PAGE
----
Studium Theologicum Salesianum
Salesian Pontifical University : Faculty of Theology - Jerusalem Campus
 

"Al-Aqsa Mosque: Islamic Theology and Hashemite Custodianship"
Prof. Dr. Mustafa Abu Sway

 
 

Jerusalem, 23 November, 2016
Paul Phuoc Trong Chu, SDB and John Paul Vemo, SDB
Prof. Dr. Mustafa Abu Sway is the first holder of the Integral Chair for the Study of Imam Al-Ghazali's Work at the Holy Al-Aqsa Mosque and Al-Quds University (HM King Abdullah II Endowment). He is dean of the Da`wah and Usul Al-Din College, and College of the Qur’an and Islamic Sciences at Al-Quds University. He has taught in International Islamic University in Kuala Lumpur, and Bard Collete, New York. He is a member of the Hashemite Fund for the Restoration of Al-Aqsa Mosque and the Dome of the Rock and a member of the Islamic Waqf Council in Jerusalem. Dr. Sway was invited by the STS as part of its “Focus on Islam Lectures.” Dr Sway spoke on “Al-Aqsa Mosque: Islamic Theology and Hashemite Custodianship”.

Dr. Sway shared with us about the history of the Al-Aqsa Mosque, which is considered as the third most holy site for Sunni Muslims. Al-Aqsa literally means the “farthest mosque”. The Mosque does not refer only to the current building but the whole surrounding area. The Prophet Muhammad is believed to have been transported here while he was praying in Mecca. According to Dr. Sway, during the time of Muhammad, there was no actual mosque building but only a “sacred space”. For 17 years after Muhammad’s migration to Mecca, the orientation of prayer was toward Jerusalem, which was marked by this “sacred space”.

The magnificent Dome of the Rock, which is situated a few meters away from the modern day Al-Aqsa mosque building, was built at the end of the 7th century. This building enshrines the rock where Abraham took his son to be sacrificed in absolute obedience to God’s command. The Old Testament identifies this child as Isaac, whereas Muslim tradition says that the child was Ishmael; though, according to Dr. Sway, the Qur’an does not mention the name of the child. Nonetheless, Dr. Sway reasoned that Ishmael was born when Abraham was 86 years old and Isaac when he was 100 years old. So for 14 years Ishmael was the only son and when God asked Abraham to offer his only son it refers to Ishmael and not Isaac.

Regarding the importance of the Qur’an in relation to the Jewish and Christian Scriptures, Dr. Sway said that Jews have the Old Testament, Christians have the New Testament, and Muslims have the Final Testament. He highlighted Muslim’s respect for the Christian and Jewish Scriptures by giving examples of prominent Muslim individuals who named their children according to the figures mentioned in the Old and New Testaments. Though respecting the Jewish and Christian Scriptures, Dr. Sway said the Qur’an has the “upper hand” for Muslims. The Quran mentions three important places: Mecca, the Holy Land, including the Al-Aqsa Mosque, and the Holy Valley (its location is uncertain). In addition to this list, the Hadith mentions Medina as another holy place. In regards to the geographical boundary of the Holy Land, Dr. Sway said that the Islamic understanding of the Holy Land is not limited to the modern day territory of Israel/Palestine but includes Lebanon and Syria in the North, Egypt in the South and Mecca in the East.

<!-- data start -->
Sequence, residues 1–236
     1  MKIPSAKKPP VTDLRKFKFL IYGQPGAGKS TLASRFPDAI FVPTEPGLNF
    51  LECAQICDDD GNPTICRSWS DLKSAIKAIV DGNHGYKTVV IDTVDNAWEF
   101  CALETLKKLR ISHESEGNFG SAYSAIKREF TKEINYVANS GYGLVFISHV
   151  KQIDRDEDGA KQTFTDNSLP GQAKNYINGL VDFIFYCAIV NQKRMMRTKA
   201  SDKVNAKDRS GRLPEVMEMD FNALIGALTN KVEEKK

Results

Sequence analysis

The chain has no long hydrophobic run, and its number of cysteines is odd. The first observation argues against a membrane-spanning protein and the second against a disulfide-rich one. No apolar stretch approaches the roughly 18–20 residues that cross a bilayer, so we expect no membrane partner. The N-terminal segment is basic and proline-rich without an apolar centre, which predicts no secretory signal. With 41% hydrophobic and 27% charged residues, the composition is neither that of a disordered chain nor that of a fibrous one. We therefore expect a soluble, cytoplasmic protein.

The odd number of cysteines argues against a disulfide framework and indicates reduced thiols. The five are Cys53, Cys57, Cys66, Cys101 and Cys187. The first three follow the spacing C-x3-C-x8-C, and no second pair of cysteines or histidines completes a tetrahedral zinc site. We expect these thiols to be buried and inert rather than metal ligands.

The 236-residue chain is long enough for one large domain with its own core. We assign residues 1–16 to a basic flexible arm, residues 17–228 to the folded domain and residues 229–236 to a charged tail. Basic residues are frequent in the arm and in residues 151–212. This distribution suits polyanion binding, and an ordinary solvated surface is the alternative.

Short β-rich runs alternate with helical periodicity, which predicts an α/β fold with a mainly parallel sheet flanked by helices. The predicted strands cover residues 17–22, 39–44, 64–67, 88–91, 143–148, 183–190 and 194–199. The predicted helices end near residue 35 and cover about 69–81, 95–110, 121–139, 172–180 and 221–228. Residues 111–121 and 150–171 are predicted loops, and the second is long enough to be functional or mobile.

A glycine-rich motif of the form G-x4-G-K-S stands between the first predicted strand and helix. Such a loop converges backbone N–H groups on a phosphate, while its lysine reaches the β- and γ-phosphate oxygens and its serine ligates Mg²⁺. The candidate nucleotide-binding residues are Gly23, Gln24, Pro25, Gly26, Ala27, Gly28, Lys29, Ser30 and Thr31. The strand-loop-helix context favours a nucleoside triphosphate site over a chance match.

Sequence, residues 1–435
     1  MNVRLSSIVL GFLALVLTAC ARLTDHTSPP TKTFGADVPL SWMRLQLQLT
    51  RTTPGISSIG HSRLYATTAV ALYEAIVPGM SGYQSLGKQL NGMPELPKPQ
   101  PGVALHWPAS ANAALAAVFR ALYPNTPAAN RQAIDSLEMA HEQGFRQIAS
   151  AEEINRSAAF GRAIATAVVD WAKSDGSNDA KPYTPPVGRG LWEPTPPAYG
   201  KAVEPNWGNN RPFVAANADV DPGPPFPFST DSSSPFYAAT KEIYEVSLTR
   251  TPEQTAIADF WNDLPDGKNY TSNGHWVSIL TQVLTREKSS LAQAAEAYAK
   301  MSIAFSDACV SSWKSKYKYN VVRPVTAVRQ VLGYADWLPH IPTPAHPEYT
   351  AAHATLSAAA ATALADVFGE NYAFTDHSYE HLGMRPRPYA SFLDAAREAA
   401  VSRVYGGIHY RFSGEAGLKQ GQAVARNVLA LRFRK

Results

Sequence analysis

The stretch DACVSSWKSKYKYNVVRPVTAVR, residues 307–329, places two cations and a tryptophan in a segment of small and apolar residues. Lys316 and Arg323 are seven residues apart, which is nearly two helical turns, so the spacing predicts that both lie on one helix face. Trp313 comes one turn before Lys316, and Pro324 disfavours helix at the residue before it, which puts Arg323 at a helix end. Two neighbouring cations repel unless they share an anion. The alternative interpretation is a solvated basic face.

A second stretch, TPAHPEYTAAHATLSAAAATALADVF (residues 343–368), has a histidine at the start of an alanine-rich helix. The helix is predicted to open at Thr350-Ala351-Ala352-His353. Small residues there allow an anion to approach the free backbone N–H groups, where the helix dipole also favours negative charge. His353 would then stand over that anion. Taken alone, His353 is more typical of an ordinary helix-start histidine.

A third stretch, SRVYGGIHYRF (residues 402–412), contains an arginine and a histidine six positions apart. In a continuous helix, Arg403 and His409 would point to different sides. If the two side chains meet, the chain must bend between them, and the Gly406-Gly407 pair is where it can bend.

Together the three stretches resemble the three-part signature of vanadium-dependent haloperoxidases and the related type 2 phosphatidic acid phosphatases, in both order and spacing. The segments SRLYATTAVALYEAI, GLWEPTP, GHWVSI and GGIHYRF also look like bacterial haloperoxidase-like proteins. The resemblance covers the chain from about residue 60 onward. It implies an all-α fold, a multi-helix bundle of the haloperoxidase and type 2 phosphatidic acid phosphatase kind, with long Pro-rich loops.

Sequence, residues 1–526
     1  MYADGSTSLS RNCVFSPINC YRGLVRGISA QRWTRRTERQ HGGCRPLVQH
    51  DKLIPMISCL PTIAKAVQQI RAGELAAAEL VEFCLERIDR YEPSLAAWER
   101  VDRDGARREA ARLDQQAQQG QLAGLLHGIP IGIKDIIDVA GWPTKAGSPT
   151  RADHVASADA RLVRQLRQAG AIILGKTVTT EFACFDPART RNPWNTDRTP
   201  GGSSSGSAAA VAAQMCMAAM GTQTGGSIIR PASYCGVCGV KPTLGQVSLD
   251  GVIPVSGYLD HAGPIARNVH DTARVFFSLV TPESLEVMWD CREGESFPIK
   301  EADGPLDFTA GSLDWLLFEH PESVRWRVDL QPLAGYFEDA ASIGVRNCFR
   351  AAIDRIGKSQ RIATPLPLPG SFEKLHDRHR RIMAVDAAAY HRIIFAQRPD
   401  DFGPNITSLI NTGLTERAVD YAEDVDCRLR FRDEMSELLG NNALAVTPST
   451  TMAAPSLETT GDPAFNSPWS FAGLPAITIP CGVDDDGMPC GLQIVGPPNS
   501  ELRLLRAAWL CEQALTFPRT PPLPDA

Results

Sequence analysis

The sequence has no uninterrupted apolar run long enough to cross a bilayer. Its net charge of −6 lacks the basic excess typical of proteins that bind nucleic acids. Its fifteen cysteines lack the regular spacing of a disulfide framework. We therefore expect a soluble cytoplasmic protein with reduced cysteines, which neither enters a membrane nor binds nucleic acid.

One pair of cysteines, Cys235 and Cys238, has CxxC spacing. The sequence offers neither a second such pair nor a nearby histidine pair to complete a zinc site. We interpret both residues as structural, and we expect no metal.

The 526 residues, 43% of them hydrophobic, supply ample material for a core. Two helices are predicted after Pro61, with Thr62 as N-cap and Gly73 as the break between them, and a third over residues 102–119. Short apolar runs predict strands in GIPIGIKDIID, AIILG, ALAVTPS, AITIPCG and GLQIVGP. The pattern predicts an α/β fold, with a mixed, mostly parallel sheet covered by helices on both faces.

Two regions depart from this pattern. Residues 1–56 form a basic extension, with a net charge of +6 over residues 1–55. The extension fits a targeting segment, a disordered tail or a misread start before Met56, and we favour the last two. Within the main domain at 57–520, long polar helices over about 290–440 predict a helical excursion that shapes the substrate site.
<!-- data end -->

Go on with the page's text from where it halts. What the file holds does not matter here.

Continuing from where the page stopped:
After his lecture, Dr. Sway took up some questions from the STS student body and professors in the audience. One student asked, “Why can’t non-Muslims pray at Al-Aqsa Mosque?” Dr. Sway said that this is not a matter of theology or jurisprudence; that is, there is nothing in Islam that forbids non-Muslims from praying in a mosque. He said that even the Prophet Muhammad invited non-Muslims to pray in a mosque. The current rule of forbidding non-Muslims from praying at Al-Aqsa has to do with administrative and political reasons. To help us understand the implication of these reasons, Dr. Sway cites the incident of the Caliph Omar who, after conquering Jerusalem, refrained from praying inside the Church of the Holy Sepulcher because, out of respect for Christianity, he did not want Muslims of later generations to claim the Church as a Muslim mosque. Nonetheless, Omar prayed a few meters outside the Church and, because of this event later Muslims built what is now called the Mosque of Omar which now stands facing the Church of the Holy Sepulcher.


   

 

 

 
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